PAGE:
Recent excavations on and near the Rom^ waterfront at Quay Street, Gloucester confirmed aspects of earlier excavations and further increased knowledge of the Roman period use of the Severn for docks/wharves. M.Atkin, director of the excavations observed in his interim report (Atkin M. 1989): 'There has been a considerable rise in the water-table since the Roman period and a correspondingly dramatic movement of the waterfront. The present ground water level is at c8.9m AOD, 2m above the earliest Roman features recorded at the Co-Op site. Charles Green first interpreted the remains discovered on the site in 1938 as being part of a curved foreshore within a creek exiting to the River Severn. The 1989 trial excavation appears to confirm this hypothesis, suggesting that the site lay within a shallow basin... with a beaching place The Period IB silting over the site suggests that the Romans quickly had difficulty in maintaining this waterfront...... Rowbottom has asserted that 'it is certain that any 138 attempted harbour, basin, creek or indentation opening off the tidal Severn will silt up as fast as it can be dug*. Continued problems with silting and the need for a deeper harbour may have then prompted a movement of the wharf onto the main channel of the River Severn- It may have been at this stage that the quay wall recorded in 1846, 1973 and 1974 was constructed.*

Whatever the initial problems they were largely overcome and Gloucester became a key port and distribution centre during the Roman period.

THE which flows into the Severn estuary at Chepstow is tidal as far as (15 Km by river from Chepstow) which is in river distance halfway to Monmouth, A few kilometres beyond Monmouth, rapids beneath the Doward make navigation inpractical unless loads were lifted from one boat to another. Between Symohds Yat and Ross-on- Wye huge loops in the river add considerable distance to a journey. The same applies between Ross and the site of Kenchester, It would certainly be possible to take loads upstream from Dean but, as with the upper reaches of the Severn, a good head of water would be necessary even for flat-bottomed boats and the towing distance would be twice what it would be by road (See Stevens BJ. 1965).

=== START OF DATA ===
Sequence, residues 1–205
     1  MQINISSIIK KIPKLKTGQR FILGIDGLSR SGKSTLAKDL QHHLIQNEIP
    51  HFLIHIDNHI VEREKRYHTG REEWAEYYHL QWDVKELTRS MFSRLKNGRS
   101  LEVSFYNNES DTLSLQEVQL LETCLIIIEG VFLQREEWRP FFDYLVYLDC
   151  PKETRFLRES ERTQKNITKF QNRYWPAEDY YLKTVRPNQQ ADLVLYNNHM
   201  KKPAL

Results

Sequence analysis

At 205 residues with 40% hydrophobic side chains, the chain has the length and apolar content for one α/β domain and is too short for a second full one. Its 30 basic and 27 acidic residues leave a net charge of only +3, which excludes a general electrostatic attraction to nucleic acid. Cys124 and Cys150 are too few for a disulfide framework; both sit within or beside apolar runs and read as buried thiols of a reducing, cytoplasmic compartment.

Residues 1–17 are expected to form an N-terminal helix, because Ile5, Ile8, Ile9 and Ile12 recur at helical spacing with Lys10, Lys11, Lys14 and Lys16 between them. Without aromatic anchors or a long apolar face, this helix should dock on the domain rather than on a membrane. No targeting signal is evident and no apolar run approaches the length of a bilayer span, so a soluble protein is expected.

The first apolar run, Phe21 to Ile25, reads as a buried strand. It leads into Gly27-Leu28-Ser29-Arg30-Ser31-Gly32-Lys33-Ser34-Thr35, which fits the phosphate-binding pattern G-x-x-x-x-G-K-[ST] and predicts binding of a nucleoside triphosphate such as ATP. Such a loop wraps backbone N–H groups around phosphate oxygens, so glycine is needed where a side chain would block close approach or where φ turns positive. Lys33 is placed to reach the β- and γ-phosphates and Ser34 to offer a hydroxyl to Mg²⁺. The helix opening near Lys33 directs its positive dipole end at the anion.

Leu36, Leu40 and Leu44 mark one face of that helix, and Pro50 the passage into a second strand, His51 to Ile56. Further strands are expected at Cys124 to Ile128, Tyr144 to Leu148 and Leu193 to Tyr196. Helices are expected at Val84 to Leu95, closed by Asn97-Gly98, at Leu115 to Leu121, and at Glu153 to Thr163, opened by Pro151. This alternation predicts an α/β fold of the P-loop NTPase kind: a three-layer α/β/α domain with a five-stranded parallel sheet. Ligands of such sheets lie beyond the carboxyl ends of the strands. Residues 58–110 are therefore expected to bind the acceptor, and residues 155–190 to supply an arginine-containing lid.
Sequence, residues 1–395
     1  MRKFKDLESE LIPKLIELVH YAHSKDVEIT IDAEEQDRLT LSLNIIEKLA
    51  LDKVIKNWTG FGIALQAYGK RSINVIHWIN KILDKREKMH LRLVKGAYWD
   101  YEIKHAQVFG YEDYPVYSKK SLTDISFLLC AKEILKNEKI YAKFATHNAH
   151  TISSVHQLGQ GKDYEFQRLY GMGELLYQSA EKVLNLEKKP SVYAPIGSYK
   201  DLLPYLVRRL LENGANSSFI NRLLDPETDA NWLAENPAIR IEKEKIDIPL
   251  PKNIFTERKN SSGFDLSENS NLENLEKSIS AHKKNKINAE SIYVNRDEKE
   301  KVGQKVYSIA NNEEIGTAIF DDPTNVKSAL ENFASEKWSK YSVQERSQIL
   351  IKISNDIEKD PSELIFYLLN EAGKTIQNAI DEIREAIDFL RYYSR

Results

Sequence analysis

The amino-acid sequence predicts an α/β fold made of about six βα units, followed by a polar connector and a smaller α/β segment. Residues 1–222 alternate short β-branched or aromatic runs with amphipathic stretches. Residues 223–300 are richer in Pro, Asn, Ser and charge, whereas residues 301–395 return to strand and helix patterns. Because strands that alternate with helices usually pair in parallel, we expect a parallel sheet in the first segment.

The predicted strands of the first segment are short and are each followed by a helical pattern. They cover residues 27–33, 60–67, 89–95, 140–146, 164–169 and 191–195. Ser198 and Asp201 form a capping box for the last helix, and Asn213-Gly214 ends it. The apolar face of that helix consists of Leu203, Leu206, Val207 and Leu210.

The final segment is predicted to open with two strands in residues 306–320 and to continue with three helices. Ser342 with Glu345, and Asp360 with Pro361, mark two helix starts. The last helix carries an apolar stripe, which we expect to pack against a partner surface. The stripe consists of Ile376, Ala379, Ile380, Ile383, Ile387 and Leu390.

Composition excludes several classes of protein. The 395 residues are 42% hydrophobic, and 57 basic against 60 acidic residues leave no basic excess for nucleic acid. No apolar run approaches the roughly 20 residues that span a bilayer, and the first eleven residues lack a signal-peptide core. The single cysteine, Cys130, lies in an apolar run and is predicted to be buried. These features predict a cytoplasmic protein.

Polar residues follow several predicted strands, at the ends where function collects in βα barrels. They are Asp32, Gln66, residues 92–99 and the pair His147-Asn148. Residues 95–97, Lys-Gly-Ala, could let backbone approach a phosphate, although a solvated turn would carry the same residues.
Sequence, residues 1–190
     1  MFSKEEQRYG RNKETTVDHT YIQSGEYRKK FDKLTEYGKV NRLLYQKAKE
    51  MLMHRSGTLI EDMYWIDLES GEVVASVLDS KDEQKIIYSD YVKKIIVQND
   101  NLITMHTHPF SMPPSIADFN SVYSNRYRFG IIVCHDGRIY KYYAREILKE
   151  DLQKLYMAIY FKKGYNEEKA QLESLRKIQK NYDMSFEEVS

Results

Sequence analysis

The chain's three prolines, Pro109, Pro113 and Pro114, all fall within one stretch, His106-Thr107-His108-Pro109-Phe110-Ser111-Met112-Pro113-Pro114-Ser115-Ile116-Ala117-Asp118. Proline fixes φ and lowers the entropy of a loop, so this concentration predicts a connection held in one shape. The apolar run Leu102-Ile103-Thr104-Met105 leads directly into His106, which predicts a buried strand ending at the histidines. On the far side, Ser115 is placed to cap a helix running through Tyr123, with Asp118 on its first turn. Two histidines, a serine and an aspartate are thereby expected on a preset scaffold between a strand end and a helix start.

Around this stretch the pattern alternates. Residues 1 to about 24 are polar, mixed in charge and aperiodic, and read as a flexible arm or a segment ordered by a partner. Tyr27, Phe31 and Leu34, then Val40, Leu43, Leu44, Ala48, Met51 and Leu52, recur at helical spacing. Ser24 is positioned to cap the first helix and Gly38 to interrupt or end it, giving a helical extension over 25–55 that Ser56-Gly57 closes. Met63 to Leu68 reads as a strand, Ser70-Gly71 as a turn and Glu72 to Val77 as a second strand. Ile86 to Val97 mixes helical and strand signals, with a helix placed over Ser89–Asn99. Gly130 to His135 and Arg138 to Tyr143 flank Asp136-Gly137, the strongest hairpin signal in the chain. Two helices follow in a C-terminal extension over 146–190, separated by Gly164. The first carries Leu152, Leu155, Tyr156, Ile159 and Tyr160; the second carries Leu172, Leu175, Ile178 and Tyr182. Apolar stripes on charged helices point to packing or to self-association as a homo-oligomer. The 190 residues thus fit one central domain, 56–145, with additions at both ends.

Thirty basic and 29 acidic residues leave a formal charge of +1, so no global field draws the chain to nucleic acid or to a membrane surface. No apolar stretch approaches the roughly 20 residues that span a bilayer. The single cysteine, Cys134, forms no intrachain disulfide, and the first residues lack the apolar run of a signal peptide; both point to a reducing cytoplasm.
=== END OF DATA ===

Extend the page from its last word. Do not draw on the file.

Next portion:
IWo types of boat that are attested from historical sources for what may be termed 'this region' are the flat bottomed boats or lighters which could be towed upstream on such as the River Leadon between Gloucester and the Newent area, and the curragh, a lightly built boat of Celtic origin. Julius Caesar caused similar craft to be constructed during a Spanish campaign c.49 BC. ' Caesar ordered his men to build boats of the type that his experience in Britain a few years before had taught him to make. The keels and ribs were of light wood; the rest of the hulk was made of woven withies and covered with hides. When the boats were finished, he had them conveyed by ni^t, on wagons joined together, some twenty-two miles from the camp. He conveyed his men across the river in these boats, and so captured unexpectedly a hill adjoining the bank and fortified it before his opponents realised 139 what he was doing. He then transferred a legion here ' (Caesar: The Civil War 1.54).